Chamber Music
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If you enjoy Hindemith's music, then Davison should be up your alley.

John Davison (b. 1930) grew up in upper New York State and New York City. He studied music at the Juilliard lower school, Haverford College, Harvard and Eastman. Among his teachers were Randall Thompson, Walter Piston, Bernard Rogers, Howard Hanson and Alan Hovhaness. He has taught at Haverford College since 1959. His musical idiom is rooted in the great Western classic-romantic tradition with Baroque, Renaissance, jazz, modernist and folk elements mixing in at times. His Sonata for Horn and Piano was composed for the bicentennial of Franklin and Marshall College in 1987. It is a big, romantic work. The Sonata No. 1 for Violin and Piano was composed for the violinist who performs it on this disc, Carol Stein Amado, who gave the work its premiere in the Carnegie Recital Hall in 1976. All the works on this disc are receiving their world premiere recordings. Mr. Davison's music is most pleasing and can be easily enjoyed by anyone who has an interest in twentieth century American music.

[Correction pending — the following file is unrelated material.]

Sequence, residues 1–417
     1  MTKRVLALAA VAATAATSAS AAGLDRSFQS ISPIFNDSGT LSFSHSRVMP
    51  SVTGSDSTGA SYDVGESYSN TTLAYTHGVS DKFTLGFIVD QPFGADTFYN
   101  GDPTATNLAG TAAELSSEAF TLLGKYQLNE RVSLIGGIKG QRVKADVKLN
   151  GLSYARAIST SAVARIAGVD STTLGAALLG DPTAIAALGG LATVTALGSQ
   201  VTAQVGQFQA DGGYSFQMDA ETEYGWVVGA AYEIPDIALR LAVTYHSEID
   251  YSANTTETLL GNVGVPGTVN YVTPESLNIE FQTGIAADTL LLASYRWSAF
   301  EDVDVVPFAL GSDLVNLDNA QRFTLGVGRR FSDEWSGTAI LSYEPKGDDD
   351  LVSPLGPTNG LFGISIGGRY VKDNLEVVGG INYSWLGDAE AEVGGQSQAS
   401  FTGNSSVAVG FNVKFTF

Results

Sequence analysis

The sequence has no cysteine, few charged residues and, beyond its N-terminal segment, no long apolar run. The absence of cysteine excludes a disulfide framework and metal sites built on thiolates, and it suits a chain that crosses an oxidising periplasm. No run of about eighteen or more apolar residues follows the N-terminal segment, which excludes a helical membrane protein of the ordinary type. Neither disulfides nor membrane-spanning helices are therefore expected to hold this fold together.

John Davison, composer
Sonata for Horn and Piano
William Purvis, horn, Alan Feinberg, piano

John Davison, composer
Sonata No. 1 for Violin and Piano
Carl Amado, violin, Albert Lotto, piano

John Davison, composer
Sonata for Trumpet and Piano
Terry Everson, trumpet, Susan Nowicki, piano

John Davison, composer
from Piano Music
John Davison, piano

"John Davison has been on the Haverford music faculty since 1959. Although he is hardly a household name, his uncomplicated, beautifully crafted music will be enjoyed by anyone who appreciates the neo-romantic Americanism of such figures as Copland, Barber, and his teacher Howard Hanson. On this recording, his cause is abetted by wonderful performances. The Brahmsian Horn Sonata is especially winning, and is dispatched with both grace and power by William Purvis. The violin and trumpet sonatas are also comfortably tuneful and deftly sculptured. The delicate solo piano music, played by the composer, makes for a lovely and graceful conclusion to this CD." (Philadelphia City Paper)